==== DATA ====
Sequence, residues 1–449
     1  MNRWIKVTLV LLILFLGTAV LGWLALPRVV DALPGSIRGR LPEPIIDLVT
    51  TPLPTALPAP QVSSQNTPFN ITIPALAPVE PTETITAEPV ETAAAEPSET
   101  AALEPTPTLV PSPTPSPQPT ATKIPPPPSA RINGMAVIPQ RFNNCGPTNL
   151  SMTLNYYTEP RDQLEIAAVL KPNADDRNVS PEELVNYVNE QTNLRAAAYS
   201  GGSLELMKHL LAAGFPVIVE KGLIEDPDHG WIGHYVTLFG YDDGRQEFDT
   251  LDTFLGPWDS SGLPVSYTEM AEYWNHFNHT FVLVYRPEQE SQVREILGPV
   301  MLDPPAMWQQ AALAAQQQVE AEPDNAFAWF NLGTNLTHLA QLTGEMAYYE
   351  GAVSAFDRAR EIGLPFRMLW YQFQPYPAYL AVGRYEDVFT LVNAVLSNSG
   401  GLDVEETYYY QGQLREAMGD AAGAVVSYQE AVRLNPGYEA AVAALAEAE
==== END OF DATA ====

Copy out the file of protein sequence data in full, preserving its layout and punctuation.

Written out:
Sequence, residues 1–449
     1  MNRWIKVTLV LLILFLGTAV LGWLALPRVV DALPGSIRGR LPEPIIDLVT
    51  TPLPTALPAP QVSSQNTPFN ITIPALAPVE PTETITAEPV ETAAAEPSET
   101  AALEPTPTLV PSPTPSPQPT ATKIPPPPSA RINGMAVIPQ RFNNCGPTNL
   151  SMTLNYYTEP RDQLEIAAVL KPNADDRNVS PEELVNYVNE QTNLRAAAYS
   201  GGSLELMKHL LAAGFPVIVE KGLIEDPDHG WIGHYVTLFG YDDGRQEFDT
   251  LDTFLGPWDS SGLPVSYTEM AEYWNHFNHT FVLVYRPEQE SQVREILGPV
   301  MLDPPAMWQQ AALAAQQQVE AEPDNAFAWF NLGTNLTHLA QLTGEMAYYE
   351  GAVSAFDRAR EIGLPFRMLW YQFQPYPAYL AVGRYEDVFT LVNAVLSNSG
   401  GLDVEETYYY QGQLREAMGD AAGAVVSYQE AVRLNPGYEA AVAALAEAE